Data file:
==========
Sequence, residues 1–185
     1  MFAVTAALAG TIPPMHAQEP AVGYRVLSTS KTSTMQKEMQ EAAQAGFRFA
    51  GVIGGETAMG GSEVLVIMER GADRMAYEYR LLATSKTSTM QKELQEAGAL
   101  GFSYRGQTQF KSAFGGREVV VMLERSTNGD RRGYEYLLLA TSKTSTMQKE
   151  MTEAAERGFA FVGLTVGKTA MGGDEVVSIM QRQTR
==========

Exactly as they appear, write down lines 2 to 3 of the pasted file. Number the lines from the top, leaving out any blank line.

     1  MFAVTAALAG TIPPMHAQEP AVGYRVLSTS KTSTMQKEMQ EAAQAGFRFA
    51  GVIGGETAMG GSEVLVIMER GADRMAYEYR LLATSKTSTM QKELQEAGAL